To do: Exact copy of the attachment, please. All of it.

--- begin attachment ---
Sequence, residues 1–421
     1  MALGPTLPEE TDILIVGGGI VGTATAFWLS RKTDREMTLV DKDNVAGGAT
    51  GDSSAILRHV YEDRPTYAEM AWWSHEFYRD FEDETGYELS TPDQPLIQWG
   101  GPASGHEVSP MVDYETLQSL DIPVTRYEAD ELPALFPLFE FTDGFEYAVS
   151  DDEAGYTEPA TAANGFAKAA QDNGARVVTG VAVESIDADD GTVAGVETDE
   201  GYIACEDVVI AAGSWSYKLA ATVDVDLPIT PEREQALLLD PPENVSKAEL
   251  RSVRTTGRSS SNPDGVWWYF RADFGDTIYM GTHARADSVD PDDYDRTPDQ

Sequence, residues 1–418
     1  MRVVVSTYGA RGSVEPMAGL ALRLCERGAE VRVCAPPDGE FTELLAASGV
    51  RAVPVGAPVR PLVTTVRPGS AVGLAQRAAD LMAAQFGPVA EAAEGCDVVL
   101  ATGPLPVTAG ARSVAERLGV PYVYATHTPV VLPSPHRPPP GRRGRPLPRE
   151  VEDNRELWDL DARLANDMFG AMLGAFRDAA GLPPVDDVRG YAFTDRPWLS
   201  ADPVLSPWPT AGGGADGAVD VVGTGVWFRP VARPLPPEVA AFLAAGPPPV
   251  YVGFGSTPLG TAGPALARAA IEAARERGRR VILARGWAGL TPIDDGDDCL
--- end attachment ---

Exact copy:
Sequence, residues 1–421
     1  MALGPTLPEE TDILIVGGGI VGTATAFWLS RKTDREMTLV DKDNVAGGAT
    51  GDSSAILRHV YEDRPTYAEM AWWSHEFYRD FEDETGYELS TPDQPLIQWG
   101  GPASGHEVSP MVDYETLQSL DIPVTRYEAD ELPALFPLFE FTDGFEYAVS
   151  DDEAGYTEPA TAANGFAKAA QDNGARVVTG VAVESIDADD GTVAGVETDE
   201  GYIACEDVVI AAGSWSYKLA ATVDVDLPIT PEREQALLLD PPENVSKAEL
   251  RSVRTTGRSS SNPDGVWWYF RADFGDTIYM GTHARADSVD PDDYDRTPDQ

Sequence, residues 1–418
     1  MRVVVSTYGA RGSVEPMAGL ALRLCERGAE VRVCAPPDGE FTELLAASGV
    51  RAVPVGAPVR PLVTTVRPGS AVGLAQRAAD LMAAQFGPVA EAAEGCDVVL
   101  ATGPLPVTAG ARSVAERLGV PYVYATHTPV VLPSPHRPPP GRRGRPLPRE
   151  VEDNRELWDL DARLANDMFG AMLGAFRDAA GLPPVDDVRG YAFTDRPWLS
   201  ADPVLSPWPT AGGGADGAVD VVGTGVWFRP VARPLPPEVA AFLAAGPPPV
   251  YVGFGSTPLG TAGPALARAA IEAARERGRR VILARGWAGL TPIDDGDDCL